Two revivals, also no longer with us, are available, however. Puccini's La Boheme, seen on Broadway in Baz Luhrmann's stunning staging, can be heard on a highlights CD (Dreamworks Records, 0044-50408-2) offering different sections of the score sung by all three of the rotating casts that played the lead roles of Mimi and Rodolfo, including Britain's Alfred Boe in the latter role with a notably rich and resonant vocal quality that he captivatingly matched as an actor on stage at the final performance I saw of the show. Although the attempt to reclaim Rodgers and Hammerstein's long-neglected Flower Drum Song failed to take the town, a cast led by Lea Salonga (the original Kim of Miss Saigon in London) lovingly renders its lovely score (DRG 12996).
Off-Broadway Last Season
From the last off-Broadway season, two important albums offer the chance to hear scores for shows that not too many people actually saw in the theatre. Both A Man of No Importance, with a score by Ahrens and Flaherty (best known for Once on This Island and Ragtime) and William Finn's song cycle Elegies played all-too-briefly at Lincoln Center's tiny Mitzi Newhouse Theatre. I was delighted to catch both and am even more pleased to have them live permanently on via CD.
The first is a beautiful Irish-inflected show about which I said in my New York Nights review, "this lovely little musical unfolds with an earnest delicacy as it tells the story of a Dublin bus conductor (Roger Rees) with a very verbal passion for Oscar Wilde and an unspoken one for the driver of the bus he works". On the recording (CDJAY1369), it's an enchanting musical storytelling experience.
William Finn's Elegies is ideal for an album (Fynsworth Alley, FA-2189), since the staging was mostly static and the drama lives in the deliberately elegiac songs (hence the title) and the thrilling vocal performances, in particular, of the always fiercely dramatic Betty Buckley and Carolee Carmello, the latter of whom is fast-tracking to major diva status.
The Previous Season
Thoroughly Modern Millie - now bound for an October opening, starring Amanda Holden, at London's Shaftesbury Theatre (See News, 5 Jun, 19 Jun & 7 Jul 2003) - was re-dubbed 'Thoroughly Mediocre Millie' by some Broadway wags when it opened there in April 2002. But in a world of the blind where the one-eyed man is king, it swept the major Tony Awards to be named Best Musical in a mediocre season.
In fact, Millie is a new show that looks (and sounds) like an old one, with a score that is a hybrid of old songs from the 1960s movie (set in the 1920s) and new ones in a similar style by Jeanine Tesori. The show feels somewhat manufactured, but the album (RCA Victor 9026-63959-2) contains lots of incidental pleasures, none of which seem accidental, in this expertly contrived hit that has been built to fire on all cylinders and simply deliver.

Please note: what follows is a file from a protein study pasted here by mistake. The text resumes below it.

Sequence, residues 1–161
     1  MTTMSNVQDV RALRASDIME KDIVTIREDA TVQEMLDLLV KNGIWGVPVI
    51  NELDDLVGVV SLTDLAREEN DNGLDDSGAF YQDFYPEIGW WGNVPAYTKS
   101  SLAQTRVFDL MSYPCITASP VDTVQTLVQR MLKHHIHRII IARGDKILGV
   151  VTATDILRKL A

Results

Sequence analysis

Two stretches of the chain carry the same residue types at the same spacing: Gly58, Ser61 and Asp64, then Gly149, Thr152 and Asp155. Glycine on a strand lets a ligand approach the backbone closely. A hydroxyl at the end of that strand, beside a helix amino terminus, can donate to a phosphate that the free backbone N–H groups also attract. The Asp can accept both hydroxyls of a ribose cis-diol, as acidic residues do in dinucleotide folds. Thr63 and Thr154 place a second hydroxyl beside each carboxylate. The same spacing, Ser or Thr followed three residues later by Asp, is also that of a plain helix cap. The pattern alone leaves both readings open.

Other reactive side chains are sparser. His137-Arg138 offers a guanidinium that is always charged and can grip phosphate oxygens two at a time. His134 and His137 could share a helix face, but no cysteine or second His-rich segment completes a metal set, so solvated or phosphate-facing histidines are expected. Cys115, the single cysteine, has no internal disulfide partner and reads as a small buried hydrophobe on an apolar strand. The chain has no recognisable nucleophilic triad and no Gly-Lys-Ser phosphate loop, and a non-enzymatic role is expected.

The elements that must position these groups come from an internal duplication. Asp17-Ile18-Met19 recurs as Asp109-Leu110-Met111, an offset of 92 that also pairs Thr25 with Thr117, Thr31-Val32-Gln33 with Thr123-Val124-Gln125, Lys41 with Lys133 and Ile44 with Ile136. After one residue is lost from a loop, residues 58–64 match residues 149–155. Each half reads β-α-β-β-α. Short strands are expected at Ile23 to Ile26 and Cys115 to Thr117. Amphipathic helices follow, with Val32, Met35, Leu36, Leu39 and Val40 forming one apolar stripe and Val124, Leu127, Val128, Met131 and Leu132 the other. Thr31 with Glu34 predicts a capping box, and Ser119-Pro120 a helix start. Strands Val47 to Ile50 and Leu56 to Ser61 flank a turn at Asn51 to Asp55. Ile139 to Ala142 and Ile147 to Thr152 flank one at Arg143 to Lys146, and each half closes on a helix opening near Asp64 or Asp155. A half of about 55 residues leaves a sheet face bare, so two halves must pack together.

Far more quirky is the Brecht/Weill-like Urinetown, which, in 2001, transferred from an off-off Broadway run to a Broadway one just days after September 11th, yet is still going strong. The album (RCA Victor, 09026-63821-2) contains the hilarious scene-setting narration from the opening that helpfully contextualises a show that envisages a future where people have to pay to pee.
Finally, for long-running shows, while original casts may be a long distant memory, at least the pleasure can be re-claimed on CD regardless of who's actually now headlining the show. So, on The Producers album (Sony Classical, SK89646), you get Nathan Lane and Matthew Broderick in all their hilarious glory, performing Mel Brooks' appealing pastiche score that may not be great music but is the perfect match of form and content. And, on the album for the revival of Chicago (RCA Victor, 09026-68727-2), while neither Ann Reinking nor Bebe Neuwirth are the best Roxie and Velma you've ever heard sing the roles, this sexy, scintillating score nevertheless comes through in all its sassy glory.
A little bit of Rent goes a long way, in my own opinion, and the two-disc set (Dreamworks Records, DRMD2-50003) therefore probably goes too far, though completists will be happy that for once a show hasn't been shrunk to fit the 70-odd minutes playing time of a single CD. (Those who don't need it all can content themselves with the highlights CD). But the ideal cast of then-unknowns - that included the likes of Adam Pascal, Anthony Rapp, Jesse L Martin, Taye Diggs, Daphne Rubin-Vega and Idina Menzel, all of whom have gone on to make names for themselves - give it a blazing passion that refuses to die.
So, too, do the three Disney musicals on Broadway, doing for the Great White Way of the 1990s what Cameron Mackintosh did there in the 1980s. First out of the gate was the mostly synthetic, all-too-literal film-to-stage translation of Beauty and the Beast (Walt Disney Records, 60861-7), then came the far more imaginative The Lion King (60802-7), both of them with scores heavily augmented from their original screen versions. But Aida (60671-7) saw Disney creating a new, if not exactly original, stage musical from scratch, with some soaring new pop ballads in its Elton John/Tim Rice score.
In the next CD Watch column, Mark Shenton will turn his ears towards London cast recordings currently available.